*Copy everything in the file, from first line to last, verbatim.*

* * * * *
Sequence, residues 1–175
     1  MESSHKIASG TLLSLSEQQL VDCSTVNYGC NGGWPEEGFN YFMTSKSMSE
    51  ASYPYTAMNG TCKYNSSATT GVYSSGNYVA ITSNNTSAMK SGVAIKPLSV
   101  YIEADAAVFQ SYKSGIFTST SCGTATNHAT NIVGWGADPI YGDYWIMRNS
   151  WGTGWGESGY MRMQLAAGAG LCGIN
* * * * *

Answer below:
Sequence, residues 1–175
     1  MESSHKIASG TLLSLSEQQL VDCSTVNYGC NGGWPEEGFN YFMTSKSMSE
    51  ASYPYTAMNG TCKYNSSATT GVYSSGNYVA ITSNNTSAMK SGVAIKPLSV
   101  YIEADAAVFQ SYKSGIFTST SCGTATNHAT NIVGWGADPI YGDYWIMRNS
   151  WGTGWGESGY MRMQLAAGAG LCGIN